In the early years of the North Shore Lions Club annual golf tournament, it attracted about 60 players and raised a few thousand dollars.
It grew. A lot.
This year, in January, it attracted a sold-out field, 128 golfers, at the Princeville Makai Golf Course, and raised $40,000.
“This is unbelievable,” said Jerry Moore, tournament director.
While the tournament itself brought in $20,000 to go toward the club’s 2019 annual scholarship program, Steve and Janine Hunt matched that and donated another $20,000.
And that brought a lot of smiles to the Lions Club because that means $40,000 will be going to students and helping them achieve their goals.
“We really love to give the money to the kids,” Moore said.
Steve Hunt, whose family has lived in Kilauea about four decades, set up the Steve and Janine Hunt Family Foundation with a goal to help fund education and other community causes.
Last year, Hunt played in the North Shore Lions Club tourney, was on the winning foursome, and donated $5,000. This year, he and his son-in-law played in a foursome that finished second. But the Hunts were first in donations — by quite a margin.
“When we won, we said we would come back and match whatever was made,” he said in a phone interview with The Garden Island.
The tournament — Aloha Roofing Supply is the title sponsor — had one of its best years even before Steve and Janine Hunt’s gift.
Steve Hunt, who will be part of the application review team, urged any and all students to apply.
It doesn’t have to be students with the highest GPA, and they don’t even have to be planning to go to college, as it could be a vocational school.
“We’re regular folks who want to help kids on Kauai,” Hunt said.
Moore echoed that.
“They like to help kids in need do better,” he said.
During each of the last 30 years, the North Shore Lions Club has awarded scholarships to students of Kauai’s North Shore to support and encourage continuing education.
Last year, it awarded more than $19,000.
There are a few guidelines. Eligible students must attend full time an institution of higher learning, have a GPA of 2.0 or higher and must live on the North Shore between Moloaa and Haena.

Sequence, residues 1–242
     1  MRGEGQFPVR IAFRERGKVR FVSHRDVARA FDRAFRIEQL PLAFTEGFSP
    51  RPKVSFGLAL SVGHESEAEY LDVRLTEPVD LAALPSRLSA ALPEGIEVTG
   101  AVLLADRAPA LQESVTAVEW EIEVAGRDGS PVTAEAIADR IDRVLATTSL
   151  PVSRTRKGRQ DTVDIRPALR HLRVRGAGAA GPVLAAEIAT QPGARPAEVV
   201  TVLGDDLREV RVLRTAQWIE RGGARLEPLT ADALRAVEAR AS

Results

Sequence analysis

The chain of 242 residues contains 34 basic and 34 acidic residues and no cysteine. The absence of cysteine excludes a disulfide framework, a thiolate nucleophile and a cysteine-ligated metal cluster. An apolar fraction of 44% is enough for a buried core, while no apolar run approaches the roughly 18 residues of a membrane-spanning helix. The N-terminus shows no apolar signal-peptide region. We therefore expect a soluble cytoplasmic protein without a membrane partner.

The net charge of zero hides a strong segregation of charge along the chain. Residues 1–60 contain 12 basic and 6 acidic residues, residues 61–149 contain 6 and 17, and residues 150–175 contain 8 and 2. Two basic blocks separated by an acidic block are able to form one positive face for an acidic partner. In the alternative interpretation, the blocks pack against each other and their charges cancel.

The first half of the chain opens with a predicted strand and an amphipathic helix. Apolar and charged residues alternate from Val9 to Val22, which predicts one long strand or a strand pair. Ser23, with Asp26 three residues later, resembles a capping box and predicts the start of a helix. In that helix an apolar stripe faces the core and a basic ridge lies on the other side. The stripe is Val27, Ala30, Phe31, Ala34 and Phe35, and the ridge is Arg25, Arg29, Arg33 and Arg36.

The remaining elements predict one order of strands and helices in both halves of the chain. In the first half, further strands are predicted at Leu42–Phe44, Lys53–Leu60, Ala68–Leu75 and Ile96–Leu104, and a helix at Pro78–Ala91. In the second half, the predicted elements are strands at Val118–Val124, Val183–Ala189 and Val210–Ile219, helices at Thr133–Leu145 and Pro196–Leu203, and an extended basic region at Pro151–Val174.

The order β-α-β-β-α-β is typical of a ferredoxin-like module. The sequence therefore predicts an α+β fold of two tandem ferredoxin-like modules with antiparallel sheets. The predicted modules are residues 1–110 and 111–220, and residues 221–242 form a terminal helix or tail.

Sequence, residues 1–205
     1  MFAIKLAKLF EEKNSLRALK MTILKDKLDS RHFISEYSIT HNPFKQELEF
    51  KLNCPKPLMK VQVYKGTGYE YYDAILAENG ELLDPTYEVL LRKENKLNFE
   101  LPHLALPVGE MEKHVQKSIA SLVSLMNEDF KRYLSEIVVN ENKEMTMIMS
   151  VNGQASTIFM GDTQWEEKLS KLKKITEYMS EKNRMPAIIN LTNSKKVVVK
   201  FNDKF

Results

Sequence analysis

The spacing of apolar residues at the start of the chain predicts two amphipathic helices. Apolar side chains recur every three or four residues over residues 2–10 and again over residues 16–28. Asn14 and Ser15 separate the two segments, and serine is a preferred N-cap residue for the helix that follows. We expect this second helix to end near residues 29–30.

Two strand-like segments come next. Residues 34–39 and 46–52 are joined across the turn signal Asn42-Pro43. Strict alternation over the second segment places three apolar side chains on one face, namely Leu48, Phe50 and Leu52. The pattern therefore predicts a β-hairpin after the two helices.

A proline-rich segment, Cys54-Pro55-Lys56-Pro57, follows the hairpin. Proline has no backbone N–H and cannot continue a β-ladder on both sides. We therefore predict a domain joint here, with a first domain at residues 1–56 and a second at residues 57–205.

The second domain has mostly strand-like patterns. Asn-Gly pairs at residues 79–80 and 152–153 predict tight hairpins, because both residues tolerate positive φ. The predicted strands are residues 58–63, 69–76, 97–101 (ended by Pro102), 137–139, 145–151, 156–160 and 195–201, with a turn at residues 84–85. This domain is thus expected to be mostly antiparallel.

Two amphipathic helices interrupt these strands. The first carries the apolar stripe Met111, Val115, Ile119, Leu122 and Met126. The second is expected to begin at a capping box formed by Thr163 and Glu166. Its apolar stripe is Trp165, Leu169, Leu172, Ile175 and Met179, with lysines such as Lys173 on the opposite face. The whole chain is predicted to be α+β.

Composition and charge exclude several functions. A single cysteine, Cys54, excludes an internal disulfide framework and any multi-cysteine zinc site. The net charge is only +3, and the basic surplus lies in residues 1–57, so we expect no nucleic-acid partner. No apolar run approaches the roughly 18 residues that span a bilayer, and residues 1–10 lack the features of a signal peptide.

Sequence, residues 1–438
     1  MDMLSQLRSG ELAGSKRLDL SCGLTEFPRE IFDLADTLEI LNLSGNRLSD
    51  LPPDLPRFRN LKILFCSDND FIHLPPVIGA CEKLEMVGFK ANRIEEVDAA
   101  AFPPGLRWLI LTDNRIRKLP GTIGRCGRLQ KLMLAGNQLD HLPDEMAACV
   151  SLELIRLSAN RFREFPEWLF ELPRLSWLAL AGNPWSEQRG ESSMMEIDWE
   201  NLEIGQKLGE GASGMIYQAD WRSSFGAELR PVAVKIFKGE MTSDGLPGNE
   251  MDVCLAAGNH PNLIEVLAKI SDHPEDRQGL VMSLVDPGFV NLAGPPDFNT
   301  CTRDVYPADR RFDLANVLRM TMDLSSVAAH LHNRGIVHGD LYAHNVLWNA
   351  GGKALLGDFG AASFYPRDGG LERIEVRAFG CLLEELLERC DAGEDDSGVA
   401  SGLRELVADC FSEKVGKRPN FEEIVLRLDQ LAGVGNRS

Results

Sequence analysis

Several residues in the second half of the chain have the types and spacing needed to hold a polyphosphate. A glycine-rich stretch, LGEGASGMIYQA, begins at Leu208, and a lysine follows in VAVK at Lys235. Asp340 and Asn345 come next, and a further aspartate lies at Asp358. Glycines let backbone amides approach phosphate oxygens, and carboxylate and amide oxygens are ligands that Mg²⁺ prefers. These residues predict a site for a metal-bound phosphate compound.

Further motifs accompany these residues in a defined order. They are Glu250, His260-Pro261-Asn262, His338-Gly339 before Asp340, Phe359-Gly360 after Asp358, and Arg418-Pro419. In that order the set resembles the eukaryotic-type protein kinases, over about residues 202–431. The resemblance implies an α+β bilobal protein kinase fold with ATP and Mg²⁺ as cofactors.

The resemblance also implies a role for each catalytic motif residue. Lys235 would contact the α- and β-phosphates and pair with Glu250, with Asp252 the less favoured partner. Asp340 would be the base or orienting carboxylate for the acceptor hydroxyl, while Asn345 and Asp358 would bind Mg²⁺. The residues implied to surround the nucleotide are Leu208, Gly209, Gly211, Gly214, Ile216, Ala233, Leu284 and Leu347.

Scholarships are awarded based on financial need, academic performance, leadership, community involvement and volunteerism.
The North Shore Lions Club was founded in 1982 to serve Kauai’s North Shore communities, and the International Lions focus on helping those with vision and hearing impairments.
Another of its fundraisers is an annual pancake breakfast around Easter. The Hunts have volunteered there, too.
All 41 Lions Club members volunteered with this year’s golf tournament.
“One of our most rewarding activities has been helping local students pay for college with our annual scholarship program,” said Lions Club member Kalani Walther.
The Hunts’ donation, he said, has “given us a great opportunity to really help even more kids.”
Mike Loo, a charter member of the North Shore Lions Club, said every dollar they earn goes back into the community.
“The Hunts entered the picture this year to further enhance the situation,” Loo said. “This is really a bonanza to receive this large amount of money. We’ve never had so much to share.”
Loo feels good about the growth of the tournament, the size of the scholarship fund and that more students will have the chance to pursue their dreams.
“We try to give everybody something,” he said. “You don’t have to be a straight-A student to get a scholarship.”
Applications must be postmarked by April 19 and can be obtained at high school counselor’s offices, www.kauainorthshorelions.org, the Island School financial aid office and Kauai Community College financial aid office.
Bill Buley, editor-in-chief, can be reached at 245-0457 or email@example.com.